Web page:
Inside Dion Dublin’s move from PL icon to Homes Under the Hammer

Former BBC presenter Jim Davidson says the BBC 'have lost the public'

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Football fans were forced to do a double-take when former Aston Villa, Coventry and England striker Dion Dublin was named as one of the presenters on the BBC’s property show Homes Under the Hammer in 2015 as they were perplexed by the surprise appointment. Dublin had a successful playing career, with over 300 Premier League appearances and his charm and charisma ensured that a career in broadcasting was not a shock, though property renovation and auction was not the genre many would have predicted.

Dublin was announced as a new presenter on Homes Under the Hammer in March of 2015, becoming the third member of the team alongside Martin Roberts and Lucy Alexander. Alexander has since left and been replaced by Martel Maxwell while Jacqui Joseph and Tommy Walsh joined the team in 2020. “I am thrilled to be joining Martin and Lucy on Homes Under The Hammer,” Dublin said at the time. “I have a passion for property and look forward to meeting people on the show who share that passion.”

According to The Sun, Dublin landed the role after receiving training through the BBC’s Diversity Creative Talent Fund, which aims to provide opportunities to potential stars from ethnic groups currently underrepresented on television.

Lisa Hazlehurst, of the company behind the show, said: “Dion’s enthusiasm for property is infectious and we’re really excited he is joining Homes Under The Hammer, which has proved such a hit with audiences for more than a decade.”

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Fans of the show have taken to Dublin well as he has demonstrated an impressive knowledge of property while keeping the show entertaining, having gone viral for his famed catchphrase “Stairs going up to the bedrooms” which he even repeated jokingly during the Beeb’s coverage of eighth-tier Marine against Tottenham in 2021 which left viewers in hysterics.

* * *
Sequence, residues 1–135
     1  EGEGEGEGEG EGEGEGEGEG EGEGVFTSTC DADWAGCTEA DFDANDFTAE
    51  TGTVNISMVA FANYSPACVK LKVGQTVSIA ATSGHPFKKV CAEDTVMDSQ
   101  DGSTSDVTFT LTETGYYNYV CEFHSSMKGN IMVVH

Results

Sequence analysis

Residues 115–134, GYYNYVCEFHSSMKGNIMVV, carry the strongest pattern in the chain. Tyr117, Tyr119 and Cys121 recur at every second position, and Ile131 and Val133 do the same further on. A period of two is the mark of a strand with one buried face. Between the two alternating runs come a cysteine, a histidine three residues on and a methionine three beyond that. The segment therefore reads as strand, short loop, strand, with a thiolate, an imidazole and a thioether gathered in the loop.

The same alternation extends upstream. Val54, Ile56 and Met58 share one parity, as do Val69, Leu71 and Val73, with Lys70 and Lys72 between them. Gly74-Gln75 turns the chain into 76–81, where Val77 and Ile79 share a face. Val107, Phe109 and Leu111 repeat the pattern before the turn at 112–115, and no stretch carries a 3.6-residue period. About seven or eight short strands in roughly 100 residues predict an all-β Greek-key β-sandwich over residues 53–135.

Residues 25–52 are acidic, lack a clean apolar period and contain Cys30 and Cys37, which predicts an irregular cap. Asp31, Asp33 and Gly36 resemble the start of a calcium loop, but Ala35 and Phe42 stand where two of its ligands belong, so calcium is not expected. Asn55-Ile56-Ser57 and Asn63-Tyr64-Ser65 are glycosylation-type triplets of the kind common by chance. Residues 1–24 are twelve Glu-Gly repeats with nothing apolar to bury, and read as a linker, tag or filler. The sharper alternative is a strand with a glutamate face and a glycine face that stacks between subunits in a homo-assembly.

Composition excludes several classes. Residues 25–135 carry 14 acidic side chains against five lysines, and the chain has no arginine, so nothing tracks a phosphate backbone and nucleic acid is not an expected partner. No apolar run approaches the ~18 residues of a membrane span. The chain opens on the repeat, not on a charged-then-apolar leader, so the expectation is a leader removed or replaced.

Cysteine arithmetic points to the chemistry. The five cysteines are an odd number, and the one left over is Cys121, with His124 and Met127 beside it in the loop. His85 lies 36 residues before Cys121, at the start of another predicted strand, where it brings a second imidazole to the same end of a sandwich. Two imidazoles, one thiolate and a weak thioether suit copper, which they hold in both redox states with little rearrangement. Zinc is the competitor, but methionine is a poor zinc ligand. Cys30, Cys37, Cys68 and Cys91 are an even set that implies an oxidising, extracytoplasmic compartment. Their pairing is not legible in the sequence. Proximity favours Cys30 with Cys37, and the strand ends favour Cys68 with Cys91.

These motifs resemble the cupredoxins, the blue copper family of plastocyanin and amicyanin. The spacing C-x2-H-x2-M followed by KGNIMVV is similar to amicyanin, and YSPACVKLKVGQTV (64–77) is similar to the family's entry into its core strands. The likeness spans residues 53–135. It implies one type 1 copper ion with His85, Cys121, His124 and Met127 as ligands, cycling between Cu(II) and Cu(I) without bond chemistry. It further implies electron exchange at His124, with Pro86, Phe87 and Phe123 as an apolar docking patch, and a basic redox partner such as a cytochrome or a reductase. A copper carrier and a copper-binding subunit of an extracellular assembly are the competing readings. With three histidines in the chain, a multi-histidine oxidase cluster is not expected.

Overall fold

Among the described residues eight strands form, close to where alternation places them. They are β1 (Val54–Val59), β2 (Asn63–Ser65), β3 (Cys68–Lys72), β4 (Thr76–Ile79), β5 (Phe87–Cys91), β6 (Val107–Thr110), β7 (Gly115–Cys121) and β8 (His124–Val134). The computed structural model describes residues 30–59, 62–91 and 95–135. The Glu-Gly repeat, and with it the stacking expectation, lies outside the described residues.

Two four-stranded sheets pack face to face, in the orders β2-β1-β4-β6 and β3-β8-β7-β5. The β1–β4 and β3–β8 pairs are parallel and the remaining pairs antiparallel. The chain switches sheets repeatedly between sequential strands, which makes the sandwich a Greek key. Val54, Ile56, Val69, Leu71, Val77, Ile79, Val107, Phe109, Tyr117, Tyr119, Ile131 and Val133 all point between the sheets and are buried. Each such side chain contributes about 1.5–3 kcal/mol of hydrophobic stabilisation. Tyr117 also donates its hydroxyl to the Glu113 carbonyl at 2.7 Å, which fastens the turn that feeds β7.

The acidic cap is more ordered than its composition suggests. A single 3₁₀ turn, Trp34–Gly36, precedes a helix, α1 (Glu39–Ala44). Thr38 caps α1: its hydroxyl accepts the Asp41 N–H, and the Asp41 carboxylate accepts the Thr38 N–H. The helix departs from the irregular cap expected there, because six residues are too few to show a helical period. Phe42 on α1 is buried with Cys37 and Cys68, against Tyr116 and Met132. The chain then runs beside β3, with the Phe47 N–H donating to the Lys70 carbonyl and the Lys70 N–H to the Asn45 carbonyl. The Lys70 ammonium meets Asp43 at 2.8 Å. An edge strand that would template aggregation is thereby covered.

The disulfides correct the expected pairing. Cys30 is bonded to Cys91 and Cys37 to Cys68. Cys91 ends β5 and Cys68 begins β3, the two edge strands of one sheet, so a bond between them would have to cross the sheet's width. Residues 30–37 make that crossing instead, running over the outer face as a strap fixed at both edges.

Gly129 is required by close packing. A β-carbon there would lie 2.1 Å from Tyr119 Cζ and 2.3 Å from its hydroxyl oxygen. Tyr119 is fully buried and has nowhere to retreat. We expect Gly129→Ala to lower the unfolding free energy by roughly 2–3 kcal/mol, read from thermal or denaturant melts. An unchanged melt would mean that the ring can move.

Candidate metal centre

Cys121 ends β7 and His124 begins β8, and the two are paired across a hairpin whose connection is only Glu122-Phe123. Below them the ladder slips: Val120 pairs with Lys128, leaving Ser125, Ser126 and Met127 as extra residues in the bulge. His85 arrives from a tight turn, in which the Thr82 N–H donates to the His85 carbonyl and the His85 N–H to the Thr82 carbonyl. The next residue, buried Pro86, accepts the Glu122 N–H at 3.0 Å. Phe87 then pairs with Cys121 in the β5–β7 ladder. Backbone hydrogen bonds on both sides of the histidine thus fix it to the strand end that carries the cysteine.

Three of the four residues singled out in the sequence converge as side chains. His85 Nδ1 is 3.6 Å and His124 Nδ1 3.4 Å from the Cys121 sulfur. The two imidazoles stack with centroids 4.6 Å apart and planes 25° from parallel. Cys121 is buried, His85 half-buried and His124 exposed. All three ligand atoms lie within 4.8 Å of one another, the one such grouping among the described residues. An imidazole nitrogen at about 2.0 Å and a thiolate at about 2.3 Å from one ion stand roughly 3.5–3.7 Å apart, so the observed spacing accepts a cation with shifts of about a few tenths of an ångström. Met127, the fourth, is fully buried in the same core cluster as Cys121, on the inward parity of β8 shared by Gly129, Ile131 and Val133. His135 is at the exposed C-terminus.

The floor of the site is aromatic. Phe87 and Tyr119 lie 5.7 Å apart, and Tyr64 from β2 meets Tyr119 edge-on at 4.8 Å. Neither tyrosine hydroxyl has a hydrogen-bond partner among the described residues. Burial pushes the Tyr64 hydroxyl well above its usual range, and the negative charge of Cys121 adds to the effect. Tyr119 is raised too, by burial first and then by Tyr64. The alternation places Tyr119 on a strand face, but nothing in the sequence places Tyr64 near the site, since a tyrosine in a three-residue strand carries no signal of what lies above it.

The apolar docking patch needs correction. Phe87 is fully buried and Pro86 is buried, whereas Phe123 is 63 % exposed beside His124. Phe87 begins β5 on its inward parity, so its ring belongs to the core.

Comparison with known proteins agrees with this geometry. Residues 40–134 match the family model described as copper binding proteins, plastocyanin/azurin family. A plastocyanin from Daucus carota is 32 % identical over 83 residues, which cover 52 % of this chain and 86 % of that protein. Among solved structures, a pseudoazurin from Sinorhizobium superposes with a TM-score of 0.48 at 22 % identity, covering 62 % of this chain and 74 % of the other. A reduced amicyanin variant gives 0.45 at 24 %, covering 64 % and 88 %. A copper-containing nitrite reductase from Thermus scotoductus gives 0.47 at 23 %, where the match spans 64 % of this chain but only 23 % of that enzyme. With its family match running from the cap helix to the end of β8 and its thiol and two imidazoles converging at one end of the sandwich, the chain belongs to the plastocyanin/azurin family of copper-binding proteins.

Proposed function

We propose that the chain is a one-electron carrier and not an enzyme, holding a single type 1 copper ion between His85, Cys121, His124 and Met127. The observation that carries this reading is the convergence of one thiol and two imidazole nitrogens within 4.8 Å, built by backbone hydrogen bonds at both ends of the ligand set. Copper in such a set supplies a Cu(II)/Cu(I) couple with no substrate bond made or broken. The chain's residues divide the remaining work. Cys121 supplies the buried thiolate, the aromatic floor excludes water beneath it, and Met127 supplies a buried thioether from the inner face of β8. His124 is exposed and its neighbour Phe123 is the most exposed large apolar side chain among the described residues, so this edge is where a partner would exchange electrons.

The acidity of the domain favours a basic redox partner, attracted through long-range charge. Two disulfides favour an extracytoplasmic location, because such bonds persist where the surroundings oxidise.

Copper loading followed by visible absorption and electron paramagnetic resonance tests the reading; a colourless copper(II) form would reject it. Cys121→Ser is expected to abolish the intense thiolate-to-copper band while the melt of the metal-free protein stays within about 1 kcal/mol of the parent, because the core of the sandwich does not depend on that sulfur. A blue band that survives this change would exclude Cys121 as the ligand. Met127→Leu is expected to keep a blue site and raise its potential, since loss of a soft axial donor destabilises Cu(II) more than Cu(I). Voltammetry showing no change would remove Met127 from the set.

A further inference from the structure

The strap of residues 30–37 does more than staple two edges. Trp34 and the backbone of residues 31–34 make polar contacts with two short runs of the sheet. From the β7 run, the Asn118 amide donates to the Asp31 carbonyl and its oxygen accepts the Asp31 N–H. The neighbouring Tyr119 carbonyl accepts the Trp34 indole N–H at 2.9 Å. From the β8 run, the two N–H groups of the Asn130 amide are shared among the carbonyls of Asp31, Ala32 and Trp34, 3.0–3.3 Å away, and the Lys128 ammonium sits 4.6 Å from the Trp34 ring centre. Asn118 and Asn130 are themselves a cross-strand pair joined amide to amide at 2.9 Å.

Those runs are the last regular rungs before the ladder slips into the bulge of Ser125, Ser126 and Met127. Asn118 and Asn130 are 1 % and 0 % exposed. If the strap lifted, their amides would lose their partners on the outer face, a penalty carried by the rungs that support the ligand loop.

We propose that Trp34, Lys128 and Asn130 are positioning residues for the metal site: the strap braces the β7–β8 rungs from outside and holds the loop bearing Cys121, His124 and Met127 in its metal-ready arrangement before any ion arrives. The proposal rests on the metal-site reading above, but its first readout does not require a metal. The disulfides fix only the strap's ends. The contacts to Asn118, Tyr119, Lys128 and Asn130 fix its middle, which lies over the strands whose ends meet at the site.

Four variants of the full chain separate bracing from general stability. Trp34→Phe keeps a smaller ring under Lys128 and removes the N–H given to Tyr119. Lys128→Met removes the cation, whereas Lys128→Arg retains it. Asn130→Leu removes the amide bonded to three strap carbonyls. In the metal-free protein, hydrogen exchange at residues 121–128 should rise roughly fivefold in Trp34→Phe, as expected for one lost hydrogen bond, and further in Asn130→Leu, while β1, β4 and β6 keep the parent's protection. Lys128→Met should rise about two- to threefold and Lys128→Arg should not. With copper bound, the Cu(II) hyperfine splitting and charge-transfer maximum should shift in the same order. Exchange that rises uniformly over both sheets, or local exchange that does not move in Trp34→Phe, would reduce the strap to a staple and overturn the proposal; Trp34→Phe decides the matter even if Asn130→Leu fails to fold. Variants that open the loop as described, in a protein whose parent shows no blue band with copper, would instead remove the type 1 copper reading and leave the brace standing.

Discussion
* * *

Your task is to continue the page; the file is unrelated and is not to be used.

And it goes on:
However, Dublin has admitted that he fell into the property world “by mistake” as he described the circumstances that led to him joining the BBC programme. “For me it started in 1992, I sort of fell upon it by mistake,” Dublin told Yahoo. “I had one, two, three and then four houses and then it’s like ‘Oh, I’ve started something here.’

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“Then I realised I had a portfolio and they’ve all been rented out. I think the people at the BBC and Homes Under the Hammer must have known that I like my property and said ‘let’s give him a go.’

“I’ve got a building company as well, so I’m always around building sites and auction houses, it’s my real passion along with my footy, and my music.”

Aside from both football and property, Dublin also invented a percussion instrument which he called the Dube. He came up with the idea in 2006 during his time at Norwich and built the Dube himself.

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